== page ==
Suresh told The News Minute that making Kodava films is not viable. “No director or producer would venture into making a Kodava film, except maybe for an award. But there’s no guarantee that you will get an award. And making films and selling them on CDs is not viable,” he says dryly.

He says that financial returns on investment are secondary. “In order to make financial returns, you need to have the space to screen it first.” When Suresh made the film, a couple of more theatres were still functioning. Once, the district had about 25 cinema halls.

This situation affects not just Kodagu, but the whole state, says Sa.Ra. Govindu, President of the Karnataka Film Chamber of Commerce. Before the advent of television in the 1990s, Karnataka had 1,200 theatres. Today, the number has halved: 650.

Kodava is one of 50 languages spoken in Karnataka, mainly in Kodagu district in the Malnad region of southern Karnataka. The language is primarily spoken by the ethnic Kodava community, Kodava takk and its dialects are also spoken by several smaller communities in the district. At present, Kodagu has just two theatres, one in the district headquarters of Madikeri and the other in Kushalnagar town. “Na Puttna Mann” ran for about 35 days in Madikeri’s sole theatre, enabling the film to make money.  

Although Bengaluru has a sizeable Kodava-speaking community, they cannot really ensure commercial success. Neither can speakers of other languages be counted on to watch a Kodava film. For different reasons, both Suresh and Gopi think that the situation with Kodava films cannot be compared with Marathi film “Sairat”, which has been appreciated across the country.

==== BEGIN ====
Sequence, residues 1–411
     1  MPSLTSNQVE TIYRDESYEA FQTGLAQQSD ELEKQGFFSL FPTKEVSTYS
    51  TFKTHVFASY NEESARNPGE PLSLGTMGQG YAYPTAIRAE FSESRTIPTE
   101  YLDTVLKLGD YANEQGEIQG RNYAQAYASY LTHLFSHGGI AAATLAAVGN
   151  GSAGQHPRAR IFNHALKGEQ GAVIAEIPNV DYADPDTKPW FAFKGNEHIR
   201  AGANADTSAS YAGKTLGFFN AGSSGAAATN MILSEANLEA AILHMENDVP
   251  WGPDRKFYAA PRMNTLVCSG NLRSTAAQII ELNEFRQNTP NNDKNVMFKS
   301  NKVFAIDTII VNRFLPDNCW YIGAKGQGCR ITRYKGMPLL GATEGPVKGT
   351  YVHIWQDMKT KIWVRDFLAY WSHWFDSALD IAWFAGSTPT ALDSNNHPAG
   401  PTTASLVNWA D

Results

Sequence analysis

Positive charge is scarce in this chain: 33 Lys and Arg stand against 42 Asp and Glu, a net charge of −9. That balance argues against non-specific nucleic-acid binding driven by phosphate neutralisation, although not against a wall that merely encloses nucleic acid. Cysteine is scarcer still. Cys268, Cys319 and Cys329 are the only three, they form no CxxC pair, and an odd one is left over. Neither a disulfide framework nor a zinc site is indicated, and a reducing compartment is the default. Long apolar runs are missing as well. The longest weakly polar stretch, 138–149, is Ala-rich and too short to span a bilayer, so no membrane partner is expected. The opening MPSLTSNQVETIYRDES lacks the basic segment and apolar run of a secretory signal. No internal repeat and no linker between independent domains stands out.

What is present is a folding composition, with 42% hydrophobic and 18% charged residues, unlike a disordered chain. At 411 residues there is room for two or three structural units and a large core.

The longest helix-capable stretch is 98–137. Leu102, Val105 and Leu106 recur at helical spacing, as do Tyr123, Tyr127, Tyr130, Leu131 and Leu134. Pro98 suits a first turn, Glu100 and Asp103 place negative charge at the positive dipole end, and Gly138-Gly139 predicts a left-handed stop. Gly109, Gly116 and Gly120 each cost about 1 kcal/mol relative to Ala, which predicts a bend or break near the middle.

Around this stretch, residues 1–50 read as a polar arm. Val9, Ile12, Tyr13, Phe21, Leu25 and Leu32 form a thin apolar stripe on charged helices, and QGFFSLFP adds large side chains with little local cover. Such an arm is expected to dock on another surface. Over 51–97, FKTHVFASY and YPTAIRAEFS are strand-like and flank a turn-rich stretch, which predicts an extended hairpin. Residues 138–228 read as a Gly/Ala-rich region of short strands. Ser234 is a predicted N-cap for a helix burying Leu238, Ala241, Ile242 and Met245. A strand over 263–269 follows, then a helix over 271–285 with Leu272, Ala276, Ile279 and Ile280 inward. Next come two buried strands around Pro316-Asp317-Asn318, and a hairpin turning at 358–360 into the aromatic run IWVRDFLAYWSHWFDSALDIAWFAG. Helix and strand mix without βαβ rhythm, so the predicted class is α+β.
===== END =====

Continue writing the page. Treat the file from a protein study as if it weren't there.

“Sairat had the whole of Maharashtra (11.24 crore population), where it was screened. Karnataka has just about 6 crore people. Of that, the Kodava community numbers 1.5 lakh people, and has a total of about 2.5 lakh speakers. The situations aren’t comparable,” says Suresh, who is himself a Kodava. (These numbers roughly correspond with Census 2001 data)

Gopi says that there was a country-wide awareness about “Sairat”, whereas Kodava was hardly known. He also said that perhaps if at least the Kannada-speaking population watched Kodava films, it would make a difference.

But he has another interesting observation with regard to Kodava audiences. He drew a comparison with another regional language Tulu, whose speakers, spread in Udupi and Dakshina Kannada districts, are an estimated 4 million.

“There is a peculiarity about Kodavas. There is no culture of watching plays and films unlike among Tulu-speakers,” Gopi says. Coastal Karnataka, where Tulu is primarily spoken, has a long tradition of story-telling, both through Yakshagana (folk-theatre) and bhootaradhane (spirit-worship). But even in modern times, Tulu comedies are wildly popular. “For Kodava films, we have to wait for word of mouth,” Gopi says. Hence, the plan to approach community leaders.

Gopi is currently away from Bengaluru. Next week, he and Belliyappa plan to initiate these meetings and hope to organize the screening in September. When they screen it in the villages of Kodagu, they will probably charge a fee.

“If we make money, then we’ll pay our team. Right now, most of them have agreed to work because they’re friends. They said they’ll take remuneration if the film makes money.”